child even though blood tests conclusively show that the man could not possibly fathered the
    child.”3

    http://www.pafamilylawyers.com/CM/News/Paternity.pdf
     
  5. Dr.Who

    Dr.Who Well-Known Member

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    Now a law that should be applied to gay couples:

    If a parent has a child and the other parent is unknown then when that parent gets married the parent can have the spouse adopt the child.

    Of course this makes perfect sense to include under adoption laws regardless of whether the people involved are hets or homs.
     
  6. Dr.Who

    Dr.Who Well-Known Member

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    So what principles should be used to determine if a law should be applied to whom and when?

    Here (I added the bold and the parts that are in parentheses):

    Justice requires that equals be treated equally and unequals unequally. Discrimination is a distinction or the differential treatment based on such a distinction. Whether discrimination is justified depends on the answer to what Aristotle calls "the difficult question": equals and unequals in what? Unjust discrimination either fails to ask the right question or fails to act on the right answer.

    (for example a law abiding citizen is not equal to a law breaking citizen and the law recognized the inequality by imprisoning the one but not the other)

    In contemporary political discourse the term discrimination itself has come to signify injustice. While this reflects the truth that all human beings have equal dignity simply in virtue of belonging to the human species, it can obscure the fact that human dignity also requires recognition of the truth that, though equal, not everyone is the same (like the guilty prisoner and the innocent free man).

    To deny driving licenses to the blind does not assume that they do not deserve equal respect and consideration as persons, but that they are different from other persons in respects relevant to driving.

    Some countries have introduced, and others are considering, the extension of the legal recognition and social benefits of marriage to persons in homosexual relationships, in order to "put an end to discrimination".

    Are homosexual relationships equal to marital relationships?

    The first and most ambitious argument from discrimination proposes that homosexual relationships are equal to marital relationships in those respects that justify the privileged treatment of marriage.

    Exclusivity, dependence, duration and sexual nature are not the relevant aspects why marriage is privileged by the State. They are only the conditions of those aspects that make marriage unique: the vital function of procreation and the socializing functions of bridging the male-female divide and raising children.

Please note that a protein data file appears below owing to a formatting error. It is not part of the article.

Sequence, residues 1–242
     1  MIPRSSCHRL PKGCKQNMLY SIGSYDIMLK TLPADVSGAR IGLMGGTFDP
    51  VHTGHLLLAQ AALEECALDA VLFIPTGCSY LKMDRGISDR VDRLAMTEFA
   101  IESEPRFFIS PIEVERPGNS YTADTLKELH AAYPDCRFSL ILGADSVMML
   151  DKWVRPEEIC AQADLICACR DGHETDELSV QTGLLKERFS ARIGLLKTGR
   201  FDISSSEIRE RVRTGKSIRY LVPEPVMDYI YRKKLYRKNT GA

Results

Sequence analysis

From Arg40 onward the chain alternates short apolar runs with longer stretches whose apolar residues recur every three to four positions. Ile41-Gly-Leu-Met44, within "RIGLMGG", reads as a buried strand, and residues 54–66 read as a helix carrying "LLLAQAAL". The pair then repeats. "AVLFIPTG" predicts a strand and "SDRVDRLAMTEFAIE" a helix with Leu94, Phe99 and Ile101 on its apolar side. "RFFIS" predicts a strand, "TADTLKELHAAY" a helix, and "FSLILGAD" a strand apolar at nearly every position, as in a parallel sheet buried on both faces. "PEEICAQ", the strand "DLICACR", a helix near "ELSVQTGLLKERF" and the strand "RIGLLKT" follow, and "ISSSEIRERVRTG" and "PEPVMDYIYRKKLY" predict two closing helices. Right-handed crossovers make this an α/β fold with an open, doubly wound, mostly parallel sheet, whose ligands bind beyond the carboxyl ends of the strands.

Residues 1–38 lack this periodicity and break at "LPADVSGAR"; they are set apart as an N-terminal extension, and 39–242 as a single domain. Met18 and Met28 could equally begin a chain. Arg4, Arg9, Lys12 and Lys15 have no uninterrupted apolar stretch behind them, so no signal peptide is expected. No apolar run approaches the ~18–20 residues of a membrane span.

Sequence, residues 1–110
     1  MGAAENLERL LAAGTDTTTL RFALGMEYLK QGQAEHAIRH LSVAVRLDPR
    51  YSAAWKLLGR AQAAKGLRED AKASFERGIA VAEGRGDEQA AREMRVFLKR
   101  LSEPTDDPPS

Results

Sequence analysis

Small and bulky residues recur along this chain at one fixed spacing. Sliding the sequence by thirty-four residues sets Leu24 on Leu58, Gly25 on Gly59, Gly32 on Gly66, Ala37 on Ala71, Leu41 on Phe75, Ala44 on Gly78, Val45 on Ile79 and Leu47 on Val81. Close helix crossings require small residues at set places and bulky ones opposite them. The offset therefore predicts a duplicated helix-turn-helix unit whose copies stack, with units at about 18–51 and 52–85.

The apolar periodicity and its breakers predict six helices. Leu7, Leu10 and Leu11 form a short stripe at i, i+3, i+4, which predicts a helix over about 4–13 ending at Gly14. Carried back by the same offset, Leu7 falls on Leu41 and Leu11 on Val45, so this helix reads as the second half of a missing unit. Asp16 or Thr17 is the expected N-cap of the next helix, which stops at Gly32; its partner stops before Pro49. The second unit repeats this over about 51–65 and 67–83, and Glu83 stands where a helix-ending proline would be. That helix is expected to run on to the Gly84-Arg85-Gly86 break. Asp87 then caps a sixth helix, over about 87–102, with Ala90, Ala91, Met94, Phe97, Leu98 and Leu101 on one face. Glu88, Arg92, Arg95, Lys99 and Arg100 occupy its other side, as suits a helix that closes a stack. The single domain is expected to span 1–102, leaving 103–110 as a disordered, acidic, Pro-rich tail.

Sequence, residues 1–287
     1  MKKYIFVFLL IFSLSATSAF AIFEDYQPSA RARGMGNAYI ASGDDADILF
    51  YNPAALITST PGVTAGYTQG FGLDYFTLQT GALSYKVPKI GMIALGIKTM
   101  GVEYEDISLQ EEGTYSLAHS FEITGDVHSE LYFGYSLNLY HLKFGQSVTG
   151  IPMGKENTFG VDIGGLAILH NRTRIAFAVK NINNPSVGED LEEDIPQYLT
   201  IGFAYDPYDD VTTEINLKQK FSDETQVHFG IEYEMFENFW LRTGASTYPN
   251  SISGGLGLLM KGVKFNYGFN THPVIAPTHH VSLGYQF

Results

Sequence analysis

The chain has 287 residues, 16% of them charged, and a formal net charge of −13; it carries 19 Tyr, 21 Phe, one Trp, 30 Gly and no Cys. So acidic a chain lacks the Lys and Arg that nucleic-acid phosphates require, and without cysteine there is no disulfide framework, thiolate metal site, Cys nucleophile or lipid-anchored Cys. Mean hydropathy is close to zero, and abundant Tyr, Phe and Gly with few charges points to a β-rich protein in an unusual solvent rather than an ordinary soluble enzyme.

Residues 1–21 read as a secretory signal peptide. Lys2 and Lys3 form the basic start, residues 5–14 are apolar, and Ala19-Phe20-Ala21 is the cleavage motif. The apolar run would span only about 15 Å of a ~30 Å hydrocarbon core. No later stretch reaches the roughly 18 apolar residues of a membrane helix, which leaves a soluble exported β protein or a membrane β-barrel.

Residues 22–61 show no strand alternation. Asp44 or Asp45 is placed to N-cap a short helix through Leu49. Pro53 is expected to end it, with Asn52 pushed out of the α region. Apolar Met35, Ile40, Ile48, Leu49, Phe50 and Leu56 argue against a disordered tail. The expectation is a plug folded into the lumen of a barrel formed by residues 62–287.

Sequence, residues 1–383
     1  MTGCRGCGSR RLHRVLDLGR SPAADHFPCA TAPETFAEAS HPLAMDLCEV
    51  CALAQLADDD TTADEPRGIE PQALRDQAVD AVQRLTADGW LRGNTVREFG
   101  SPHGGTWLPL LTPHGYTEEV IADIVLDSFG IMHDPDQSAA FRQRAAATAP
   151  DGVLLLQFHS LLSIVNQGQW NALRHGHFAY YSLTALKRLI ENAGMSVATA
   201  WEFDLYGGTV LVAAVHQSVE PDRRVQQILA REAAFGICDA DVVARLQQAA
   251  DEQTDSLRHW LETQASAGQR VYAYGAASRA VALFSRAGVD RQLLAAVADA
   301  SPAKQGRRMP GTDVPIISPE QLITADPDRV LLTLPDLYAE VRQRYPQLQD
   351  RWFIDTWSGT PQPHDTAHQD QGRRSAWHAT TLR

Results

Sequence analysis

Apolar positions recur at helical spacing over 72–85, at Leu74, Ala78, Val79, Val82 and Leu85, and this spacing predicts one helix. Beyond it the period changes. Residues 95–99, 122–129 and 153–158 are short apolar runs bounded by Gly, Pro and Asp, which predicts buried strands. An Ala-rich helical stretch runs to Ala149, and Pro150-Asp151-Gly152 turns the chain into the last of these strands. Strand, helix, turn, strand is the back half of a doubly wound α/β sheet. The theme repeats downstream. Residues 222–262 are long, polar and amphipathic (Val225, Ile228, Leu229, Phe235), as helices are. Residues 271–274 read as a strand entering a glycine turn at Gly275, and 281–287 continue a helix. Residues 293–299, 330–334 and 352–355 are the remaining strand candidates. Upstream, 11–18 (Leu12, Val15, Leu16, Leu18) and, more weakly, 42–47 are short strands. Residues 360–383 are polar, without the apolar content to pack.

When the State uniquely privileges marriage it takes the position that it is in the best interest of society for children to be born and raised in a community where they experience the cause of their biological and historical identity as a loving union preserved by each parent placing the needs of others over their own. By promoting marriage to be the exclusive union between one man and one woman, the State not only protects the rights of children but encourages the values of commitment, restraint and diversity that are needed to preserve community at large.

    One objection to this is that not all marriages lead to children. Of course, the State cannot anticipate whether or not couples will have children, but it is clear that only one man and one woman together can be the biological parents of a child and can raise it with the complementarity of motherly and fatherly love. Marital acts are procreative in character, even if non-behavioural conditions do not allow for conception.

    The other objection is that marriages fail, to the detriment of children, spouses and families at large. But if individual marriages are in crisis, the correct inference cannot be that social policy should institutionalize this failure rather than counteract it. Through marital benefits the State promotes rather than rewards ideal conditions for procreation and socialization.

    Are legal recognition and governmental support justifiable?

    When the State uniquely privileges marriage, homosexual relationships are in no way singled out for "unequal treatment". There are any number of relationships that do not qualify for the benefits of marriage. The question then is why homosexual relationships should be treated as uniquely analogous to marriage.